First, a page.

And then I wanted the one stone with one strap weaving through the other to show up the weaving and added the perfect bit of bamboo root.

All of these rocks feel good in the hand and will be put to service on my work table in the studio.

Here are all of them in their new home.

Keeping them company in the center is a gift from one of my favorite students, now deceased, Lin Parker. It was a tumbling rock placed into the paint mixing at a plant in Chattanooga, Tennessee. It is like holding a piece of shiny glass and is a good weight to do duty with the others.

There are a few stones left to cover but I tucked them out of sight in the bottom of this box. The only other ones that could be used are already weighting down the fish outside the studio to prevent them from banging into each other.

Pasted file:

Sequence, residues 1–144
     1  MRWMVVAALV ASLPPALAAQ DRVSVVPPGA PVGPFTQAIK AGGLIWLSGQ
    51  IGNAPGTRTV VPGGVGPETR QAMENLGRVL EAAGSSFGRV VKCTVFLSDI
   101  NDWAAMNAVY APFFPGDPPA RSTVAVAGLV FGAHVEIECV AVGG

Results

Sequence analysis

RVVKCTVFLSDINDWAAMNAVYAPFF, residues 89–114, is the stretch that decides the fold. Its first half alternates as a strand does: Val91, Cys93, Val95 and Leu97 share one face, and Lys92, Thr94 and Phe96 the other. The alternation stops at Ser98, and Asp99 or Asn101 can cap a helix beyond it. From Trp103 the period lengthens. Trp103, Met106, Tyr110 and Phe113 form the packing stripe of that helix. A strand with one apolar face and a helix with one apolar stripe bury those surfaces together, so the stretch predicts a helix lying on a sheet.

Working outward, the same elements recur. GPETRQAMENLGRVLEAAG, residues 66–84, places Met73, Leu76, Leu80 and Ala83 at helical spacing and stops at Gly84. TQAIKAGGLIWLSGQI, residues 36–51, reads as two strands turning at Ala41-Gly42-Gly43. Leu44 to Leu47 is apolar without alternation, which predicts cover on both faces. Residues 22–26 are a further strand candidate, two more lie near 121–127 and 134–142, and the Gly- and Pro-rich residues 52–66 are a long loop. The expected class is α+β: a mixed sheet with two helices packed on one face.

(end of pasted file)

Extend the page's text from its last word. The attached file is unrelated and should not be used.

And now all I need to do is sew the text block for this book and make end papers with the marbled paper I made from the soils here at home.

Then I need to get onto designing and printing those Christmas cards. Small etchings would be nice in a simple design is what I am aiming for.

Til next time.

A Final Workshop for the Folk School

Like this natural contact print on the ramp up to the Book Arts Studio, I have left my mark on the Folk School here in Brasstown. Yesterday I finished my final class and it was a lovely easy ending after thirty years and six months. Five students taking a class called, “Books All About The Stitch”. Here is some of the work done.

Pat’s shifu book about her losing dialogue with an ill husband.

Jenn’s coptic and toji binding lessons.